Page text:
Senso-ji, National Museum and a Japanese cemetery

After my failed attempt to find a SIM card, Ron arrange for me to meet with Caz’s boyfriend Reeve today to track one down. We both then spent the day together sightseeing, before catching up with the Uniqlo gang for a birthday dinner.

Once again I caught the train to Akihabara, where I met up with Reeve. 10 minutes later I was the proud owner of a shiny new Japanese SIM card!  I was in the right department store yesterday, but the SIM card was hanging on a shelf with other electronics, separate to the individual phone stalls. I was so glad I went back with Reeve, because it made the rest of the week a lot easier being able to look up maps, in particular the Japanese train system. Unlike Melbourne, Tokyo train times are available directly in Google Maps making it a breeze to get around!

Having found the SIM card so quickly, we had plenty of day left to explore. We jumped back on the train, and made our way further north to Asakusa to visit the Bhuddhist temple Senso-ji, the oldest temple in Tokyo.

Senso-ji
Senso-ji

The road leading to the temple was lined with stalls selling offerings and souvenirs. There were so many people crowding around to buy things and take in the sight of the temple. After squeezing through the crowd, stepping into the open square surrounding the temple helped to accentuate the buildings. In the centre of the first building a massive lantern was hanging, and two statues were guarding either side of the entrance.  The courtyard was surrounded by luscious, green trees and gardens.

Just past the first building, visitors were crowding around a pit, lighting sticks of incense and covering themselves in smoke as they prayed.  Beyond that was the main building featuring a large golden shrine, decorated with flowers, lamps, candles and smaller statues. As was the tradition in other temples I’d visit so far, people approached the shrine, made a donation, reflected and then clapped loudly. We read the English guide and followed suit.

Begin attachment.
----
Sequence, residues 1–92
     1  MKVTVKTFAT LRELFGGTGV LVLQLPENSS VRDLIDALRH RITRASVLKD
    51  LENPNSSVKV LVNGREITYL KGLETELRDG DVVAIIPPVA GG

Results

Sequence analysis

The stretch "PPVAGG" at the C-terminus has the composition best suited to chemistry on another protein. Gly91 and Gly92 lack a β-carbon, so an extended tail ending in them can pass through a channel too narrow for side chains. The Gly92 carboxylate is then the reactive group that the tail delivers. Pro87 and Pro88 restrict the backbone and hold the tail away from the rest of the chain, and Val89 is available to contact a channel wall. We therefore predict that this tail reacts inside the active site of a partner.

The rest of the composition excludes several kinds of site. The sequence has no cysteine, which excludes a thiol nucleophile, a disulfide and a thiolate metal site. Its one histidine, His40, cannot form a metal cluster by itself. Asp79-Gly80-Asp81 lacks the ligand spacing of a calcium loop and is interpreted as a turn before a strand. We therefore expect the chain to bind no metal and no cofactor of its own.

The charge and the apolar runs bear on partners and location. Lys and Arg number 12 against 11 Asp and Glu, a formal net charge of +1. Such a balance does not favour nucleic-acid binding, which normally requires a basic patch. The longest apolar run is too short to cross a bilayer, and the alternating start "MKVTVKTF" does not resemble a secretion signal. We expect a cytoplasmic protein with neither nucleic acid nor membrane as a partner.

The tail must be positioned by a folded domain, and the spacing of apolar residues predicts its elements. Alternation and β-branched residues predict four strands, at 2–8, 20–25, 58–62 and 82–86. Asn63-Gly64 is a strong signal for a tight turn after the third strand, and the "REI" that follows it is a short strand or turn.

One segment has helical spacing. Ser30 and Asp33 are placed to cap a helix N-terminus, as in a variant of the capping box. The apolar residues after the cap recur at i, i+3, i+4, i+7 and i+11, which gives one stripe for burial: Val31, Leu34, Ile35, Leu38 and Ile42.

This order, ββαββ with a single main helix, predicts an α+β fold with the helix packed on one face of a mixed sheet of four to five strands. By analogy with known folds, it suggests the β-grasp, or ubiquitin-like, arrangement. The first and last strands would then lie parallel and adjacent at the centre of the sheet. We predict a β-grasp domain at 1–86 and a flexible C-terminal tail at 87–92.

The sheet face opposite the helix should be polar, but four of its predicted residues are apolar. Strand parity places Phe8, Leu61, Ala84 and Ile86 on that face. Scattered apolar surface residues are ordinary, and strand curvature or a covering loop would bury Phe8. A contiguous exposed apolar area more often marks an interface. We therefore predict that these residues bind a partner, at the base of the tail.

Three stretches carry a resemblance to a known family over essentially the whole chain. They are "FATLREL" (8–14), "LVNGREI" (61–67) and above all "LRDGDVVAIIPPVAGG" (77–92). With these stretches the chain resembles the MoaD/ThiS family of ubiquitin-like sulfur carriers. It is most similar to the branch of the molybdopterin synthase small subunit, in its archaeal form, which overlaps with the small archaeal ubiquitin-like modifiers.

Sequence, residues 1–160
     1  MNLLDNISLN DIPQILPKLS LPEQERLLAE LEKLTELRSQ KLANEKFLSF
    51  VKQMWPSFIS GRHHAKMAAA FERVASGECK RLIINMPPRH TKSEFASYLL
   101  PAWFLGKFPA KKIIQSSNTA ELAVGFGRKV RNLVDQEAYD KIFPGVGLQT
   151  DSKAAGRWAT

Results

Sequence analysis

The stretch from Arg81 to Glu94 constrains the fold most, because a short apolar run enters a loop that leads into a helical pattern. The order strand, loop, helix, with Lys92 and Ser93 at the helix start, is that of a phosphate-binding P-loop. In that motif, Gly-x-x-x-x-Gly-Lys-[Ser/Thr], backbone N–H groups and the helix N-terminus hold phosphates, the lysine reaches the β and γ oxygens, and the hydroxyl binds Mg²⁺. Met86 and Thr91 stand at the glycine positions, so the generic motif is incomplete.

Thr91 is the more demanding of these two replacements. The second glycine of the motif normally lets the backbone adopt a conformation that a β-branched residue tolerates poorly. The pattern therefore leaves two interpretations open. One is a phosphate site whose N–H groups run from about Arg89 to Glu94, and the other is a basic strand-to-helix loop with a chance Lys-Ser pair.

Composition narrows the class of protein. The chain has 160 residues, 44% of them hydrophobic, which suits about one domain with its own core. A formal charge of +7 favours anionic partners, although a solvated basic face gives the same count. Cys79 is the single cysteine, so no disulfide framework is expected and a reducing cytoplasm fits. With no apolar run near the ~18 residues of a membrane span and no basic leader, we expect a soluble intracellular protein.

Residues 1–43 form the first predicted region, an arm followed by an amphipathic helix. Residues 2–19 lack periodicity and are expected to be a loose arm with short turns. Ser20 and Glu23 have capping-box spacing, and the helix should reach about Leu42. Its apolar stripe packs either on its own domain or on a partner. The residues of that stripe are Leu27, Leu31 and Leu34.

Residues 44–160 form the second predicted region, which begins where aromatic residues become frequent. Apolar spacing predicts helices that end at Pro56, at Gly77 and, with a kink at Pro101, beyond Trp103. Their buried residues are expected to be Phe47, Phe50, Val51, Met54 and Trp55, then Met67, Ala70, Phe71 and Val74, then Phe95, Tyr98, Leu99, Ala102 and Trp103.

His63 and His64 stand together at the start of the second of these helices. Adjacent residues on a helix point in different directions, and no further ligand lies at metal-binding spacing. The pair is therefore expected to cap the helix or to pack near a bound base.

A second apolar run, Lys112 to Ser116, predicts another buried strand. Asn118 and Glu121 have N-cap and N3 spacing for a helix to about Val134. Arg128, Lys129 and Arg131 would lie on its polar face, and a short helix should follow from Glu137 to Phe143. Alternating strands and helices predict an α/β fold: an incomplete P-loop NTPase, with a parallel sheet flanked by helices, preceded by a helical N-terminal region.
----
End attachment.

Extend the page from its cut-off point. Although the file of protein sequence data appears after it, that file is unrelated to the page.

Visitors lighting sticks of incense
Visitors lighting sticks of incense

The rest of the buildings were closed to the public, but we wandered through the gardens for a little while, enjoying the peace and quiet in the middle of the otherwise bustling city. After a while we found a small gate, and made our way through to see what was beyond.

A temple building on the side of the main square
A temple building on the side of the main square

Outside the walls we were back in the regular streets of Tokyo. This area wasn’t quite as busy as the main city, and had more of a suburban feel. We strolled through a quiet shopping strip, then came out into another street lined with restaurants. Feeling a bit peckish, we stopped in at a ramen bar which had just enough room to seat 10 people at a time. The place was tiny! There was just enough room between the stools and the wall for people to get past to the next stool. We ordered at the vending machine out the front, and took our tickets inside where we perched at the bar facing the kitchen. A few minutes later, hot bowls of ramen were served.

Squeezing into the small ramen bar
Squeezing into the small ramen bar

It was great to eat somewhere that felt so local. For under $5 we had a delicious, hot bowl of ramen in a restaurant otherwise filled with only Japanese. By the time we finished eating, a small queue had formed outside the door so we didn’t linger.